Re: Peloton-style vs. Smart trainers?

Robert Tashjian

Hi Mike,


I’ll answer 3) first. Check out, there is a wealth of information about trainers and trainer apps under the buyers guide section. Specifically:



He goes into a lot of detail about the different features and why you might or might not want them.


As to 1), there are really three types:

  1. Wheel on trainers – These are the least expensive ($300-$600) and most compact. You supply the bike. You replace your rear wheel skewer with the one they supply, lock the rear wheel in, and you’re off and running. Your wheel size can be an issue, and tires can wear quickly
  2. Direct drive trainers – These are intermediate priced ($700-$1500) and now some add lean and steering to the feature set for more realism. You remove your rear wheel, lock into the trainers cassette/hub/flywheel/skewer combo (note, some trainers DON’T supply a cassette!). They are a little larger and heavier than wheel on trainers, but there is no tire to wear out. They can still be stored in a closet if you are not using them for some period. They also ‘feel’ more like a real bike on the road.
  3. Dedicated bike trainers – These can run from $400 to $3000 depending on features. These are the most permanent of fixtures, they require a dedicated space and some, like Peloton, can only use the dedicated apps. The more expensive ones obviously feel more like a bike, but if you have a bike you like…

Really, if you have an extra bike (or one that you really like and fits really well) the WheelOn or DirectDrive are going to give you the best experience. I got a wheel on trainer (at the beginning of the March, like half the world..) because I didn’t know how much I would use it and for ease of storage. I now wish I had gotten a direct drive, I have an old bike dedicated to the trainer stand and have been ‘zwifting’ at least 3 days a week.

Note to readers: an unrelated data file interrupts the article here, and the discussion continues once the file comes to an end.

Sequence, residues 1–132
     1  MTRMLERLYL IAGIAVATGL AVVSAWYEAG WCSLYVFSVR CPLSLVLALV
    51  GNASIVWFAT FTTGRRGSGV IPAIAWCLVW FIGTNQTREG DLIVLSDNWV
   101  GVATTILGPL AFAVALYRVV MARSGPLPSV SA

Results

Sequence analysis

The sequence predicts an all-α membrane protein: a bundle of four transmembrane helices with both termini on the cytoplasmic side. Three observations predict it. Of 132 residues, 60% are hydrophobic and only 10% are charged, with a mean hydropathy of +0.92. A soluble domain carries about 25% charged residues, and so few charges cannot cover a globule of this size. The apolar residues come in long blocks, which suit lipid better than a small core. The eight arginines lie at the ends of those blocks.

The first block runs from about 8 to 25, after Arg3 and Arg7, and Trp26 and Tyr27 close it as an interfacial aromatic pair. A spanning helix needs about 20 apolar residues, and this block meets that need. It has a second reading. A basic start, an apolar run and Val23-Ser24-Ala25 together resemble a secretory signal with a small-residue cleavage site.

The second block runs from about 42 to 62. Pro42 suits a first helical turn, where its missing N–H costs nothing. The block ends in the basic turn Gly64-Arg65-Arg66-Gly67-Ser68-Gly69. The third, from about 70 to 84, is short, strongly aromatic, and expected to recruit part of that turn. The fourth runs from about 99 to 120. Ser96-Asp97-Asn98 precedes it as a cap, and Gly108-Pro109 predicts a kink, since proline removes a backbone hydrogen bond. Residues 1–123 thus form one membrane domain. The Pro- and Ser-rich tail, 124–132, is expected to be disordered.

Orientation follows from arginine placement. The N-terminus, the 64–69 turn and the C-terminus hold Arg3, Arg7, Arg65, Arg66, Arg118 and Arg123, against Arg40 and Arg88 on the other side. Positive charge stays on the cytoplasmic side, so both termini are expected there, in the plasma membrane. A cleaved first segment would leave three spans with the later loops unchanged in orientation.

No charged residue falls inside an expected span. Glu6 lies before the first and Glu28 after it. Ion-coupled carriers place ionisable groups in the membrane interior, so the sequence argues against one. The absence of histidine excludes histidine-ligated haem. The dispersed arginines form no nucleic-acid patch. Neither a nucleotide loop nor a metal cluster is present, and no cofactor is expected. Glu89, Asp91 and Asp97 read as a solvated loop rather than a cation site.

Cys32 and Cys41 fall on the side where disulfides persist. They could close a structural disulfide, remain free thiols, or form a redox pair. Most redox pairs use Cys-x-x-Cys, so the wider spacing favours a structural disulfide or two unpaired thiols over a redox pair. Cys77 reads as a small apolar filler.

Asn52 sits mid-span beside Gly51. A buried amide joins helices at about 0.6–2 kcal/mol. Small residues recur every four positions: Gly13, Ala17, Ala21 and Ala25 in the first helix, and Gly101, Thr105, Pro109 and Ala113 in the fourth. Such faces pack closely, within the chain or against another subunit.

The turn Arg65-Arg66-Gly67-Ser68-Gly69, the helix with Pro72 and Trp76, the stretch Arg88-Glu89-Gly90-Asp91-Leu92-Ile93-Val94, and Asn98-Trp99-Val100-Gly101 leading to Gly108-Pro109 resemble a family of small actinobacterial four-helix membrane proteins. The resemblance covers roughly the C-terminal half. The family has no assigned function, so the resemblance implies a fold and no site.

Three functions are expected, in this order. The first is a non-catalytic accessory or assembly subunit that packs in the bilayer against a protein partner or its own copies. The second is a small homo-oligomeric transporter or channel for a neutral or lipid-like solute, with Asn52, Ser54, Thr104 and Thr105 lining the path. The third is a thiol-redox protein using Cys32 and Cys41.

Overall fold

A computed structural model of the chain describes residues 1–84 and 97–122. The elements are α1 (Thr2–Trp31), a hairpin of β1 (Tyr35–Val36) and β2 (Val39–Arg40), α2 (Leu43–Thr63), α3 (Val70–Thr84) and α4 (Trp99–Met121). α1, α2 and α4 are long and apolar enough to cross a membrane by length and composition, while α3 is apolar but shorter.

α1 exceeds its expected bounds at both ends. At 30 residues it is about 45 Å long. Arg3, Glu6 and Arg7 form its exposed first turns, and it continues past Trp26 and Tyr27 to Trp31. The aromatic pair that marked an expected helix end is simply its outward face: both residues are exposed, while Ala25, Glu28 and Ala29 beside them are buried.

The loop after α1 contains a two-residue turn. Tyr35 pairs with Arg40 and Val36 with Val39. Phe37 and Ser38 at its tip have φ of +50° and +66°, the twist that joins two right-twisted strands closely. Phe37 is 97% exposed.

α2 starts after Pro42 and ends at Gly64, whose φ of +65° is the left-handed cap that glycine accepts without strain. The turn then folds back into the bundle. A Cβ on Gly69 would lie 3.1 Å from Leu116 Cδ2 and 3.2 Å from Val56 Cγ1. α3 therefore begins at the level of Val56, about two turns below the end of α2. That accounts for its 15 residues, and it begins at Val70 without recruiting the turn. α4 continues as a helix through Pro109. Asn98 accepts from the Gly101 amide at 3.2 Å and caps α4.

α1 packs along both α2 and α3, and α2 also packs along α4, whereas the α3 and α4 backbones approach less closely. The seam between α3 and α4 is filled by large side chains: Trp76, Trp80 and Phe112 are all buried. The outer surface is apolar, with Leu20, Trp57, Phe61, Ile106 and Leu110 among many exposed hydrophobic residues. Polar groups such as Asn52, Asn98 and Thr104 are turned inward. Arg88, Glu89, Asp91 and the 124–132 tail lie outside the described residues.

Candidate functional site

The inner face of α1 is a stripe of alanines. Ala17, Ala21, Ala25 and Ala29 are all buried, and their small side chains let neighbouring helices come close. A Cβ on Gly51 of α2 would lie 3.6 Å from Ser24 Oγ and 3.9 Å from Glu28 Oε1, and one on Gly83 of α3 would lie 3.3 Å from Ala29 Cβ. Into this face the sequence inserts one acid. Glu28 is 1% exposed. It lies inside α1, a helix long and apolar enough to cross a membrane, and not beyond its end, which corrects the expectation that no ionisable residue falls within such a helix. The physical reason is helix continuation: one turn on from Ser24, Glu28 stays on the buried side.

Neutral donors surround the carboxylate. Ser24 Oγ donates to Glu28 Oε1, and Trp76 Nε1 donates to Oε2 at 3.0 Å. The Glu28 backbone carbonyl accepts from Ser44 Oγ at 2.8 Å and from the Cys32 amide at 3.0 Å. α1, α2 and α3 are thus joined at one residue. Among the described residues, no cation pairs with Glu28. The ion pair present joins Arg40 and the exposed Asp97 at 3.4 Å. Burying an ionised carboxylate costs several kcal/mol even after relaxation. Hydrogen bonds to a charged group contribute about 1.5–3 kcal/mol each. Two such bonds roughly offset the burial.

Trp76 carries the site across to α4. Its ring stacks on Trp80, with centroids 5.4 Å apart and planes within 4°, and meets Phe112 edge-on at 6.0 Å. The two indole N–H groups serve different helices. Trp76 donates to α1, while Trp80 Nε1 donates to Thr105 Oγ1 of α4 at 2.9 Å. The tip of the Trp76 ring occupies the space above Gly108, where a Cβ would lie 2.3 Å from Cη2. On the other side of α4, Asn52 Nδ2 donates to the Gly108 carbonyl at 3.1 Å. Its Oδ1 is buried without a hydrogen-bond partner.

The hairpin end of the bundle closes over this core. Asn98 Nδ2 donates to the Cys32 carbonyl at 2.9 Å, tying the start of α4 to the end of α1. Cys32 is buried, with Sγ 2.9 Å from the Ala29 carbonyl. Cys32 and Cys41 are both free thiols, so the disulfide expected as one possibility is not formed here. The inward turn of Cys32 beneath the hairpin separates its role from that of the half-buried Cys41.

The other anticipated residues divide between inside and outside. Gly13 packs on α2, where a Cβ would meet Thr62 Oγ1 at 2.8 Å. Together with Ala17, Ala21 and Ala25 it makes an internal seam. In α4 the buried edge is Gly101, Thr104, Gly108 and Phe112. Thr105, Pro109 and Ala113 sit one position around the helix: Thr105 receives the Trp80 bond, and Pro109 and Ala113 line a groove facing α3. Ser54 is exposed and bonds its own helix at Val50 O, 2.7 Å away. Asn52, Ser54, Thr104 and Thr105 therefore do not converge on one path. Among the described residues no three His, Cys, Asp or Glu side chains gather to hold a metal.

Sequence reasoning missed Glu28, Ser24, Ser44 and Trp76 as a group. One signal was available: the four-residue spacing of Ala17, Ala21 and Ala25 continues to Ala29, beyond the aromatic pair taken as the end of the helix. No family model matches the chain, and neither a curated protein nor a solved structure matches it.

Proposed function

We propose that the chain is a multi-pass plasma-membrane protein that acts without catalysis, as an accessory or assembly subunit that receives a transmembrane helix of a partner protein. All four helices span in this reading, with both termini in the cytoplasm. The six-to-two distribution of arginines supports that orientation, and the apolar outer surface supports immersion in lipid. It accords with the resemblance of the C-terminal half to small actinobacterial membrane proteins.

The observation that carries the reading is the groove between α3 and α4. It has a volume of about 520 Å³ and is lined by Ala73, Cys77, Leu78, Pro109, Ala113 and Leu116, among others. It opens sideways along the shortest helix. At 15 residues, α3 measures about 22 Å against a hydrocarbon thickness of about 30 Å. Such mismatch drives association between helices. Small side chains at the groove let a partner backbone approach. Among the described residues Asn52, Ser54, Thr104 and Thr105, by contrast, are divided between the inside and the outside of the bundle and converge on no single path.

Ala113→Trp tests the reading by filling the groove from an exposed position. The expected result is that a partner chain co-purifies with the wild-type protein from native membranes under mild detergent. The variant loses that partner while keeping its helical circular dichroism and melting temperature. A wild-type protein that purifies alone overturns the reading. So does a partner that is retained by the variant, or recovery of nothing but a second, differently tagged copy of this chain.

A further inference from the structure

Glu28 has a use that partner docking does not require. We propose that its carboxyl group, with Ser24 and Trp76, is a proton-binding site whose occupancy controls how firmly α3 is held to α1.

That being said, Zwift is tremendous fun and will keep you on the trainer longer than 15min, which at least seems to be my limit without some distraction. All of the apps will require a (phone|tablet|computer) for the display and you may find yourself dedicating a larger screen for a better visual effect.Rouvy and RGT also offer real world roads (and real world effort!). Most trainers can also now be used with the Peloton appl. My longest session on Zwift was 2hrs, there is really no coasting or foot down stops (eg., red lights), so you are on the saddle the entire time. has a pretty decent price/feature chart at the bottom of their app comparison article:


Hope this helps,



Robert Tashjian



From: <> On Behalf Of Mike Moore
Sent: Sunday, September 06, 2020 9:27 AM
To: FFBC IO List <>
Subject: [public info] Peloton-style vs. Smart trainers?


Hi everybody!   As we are fond of saying in Reno, winter is coming.  (That’s pretty catchy!).   I am still trying to get back in shape after last year’s calamity so I am considering buying an indoor trainer.  So I would love to get the opinions (and I know you have them) on these questions:


1. Is it better to buy a Peloton-style or Smart trainer and if so, why?


2. If you’ve experience with a smart trainer, which one would you recommend and how easy is it to set up and get going?   What ancillary purchases are desirable?


3. What do you wish you knew before you purchased one of these machines?


From what little I know, there probably isn’t a single correct answer for every situation and individual preference which is why I would hoping to draw upon the collective wisdom of the club.


In advance, thanks!!   Safe riding and happy trails to all of you!



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